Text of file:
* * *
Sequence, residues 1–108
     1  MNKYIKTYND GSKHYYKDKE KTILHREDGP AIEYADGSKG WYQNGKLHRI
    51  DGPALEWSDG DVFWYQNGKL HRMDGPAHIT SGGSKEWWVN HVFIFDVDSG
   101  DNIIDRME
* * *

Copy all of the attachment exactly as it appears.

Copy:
Sequence, residues 1–108
     1  MNKYIKTYND GSKHYYKDKE KTILHREDGP AIEYADGSKG WYQNGKLHRI
    51  DGPALEWSDG DVFWYQNGKL HRMDGPAHIT SGGSKEWWVN HVFIFDVDSG
   101  DNIIDRME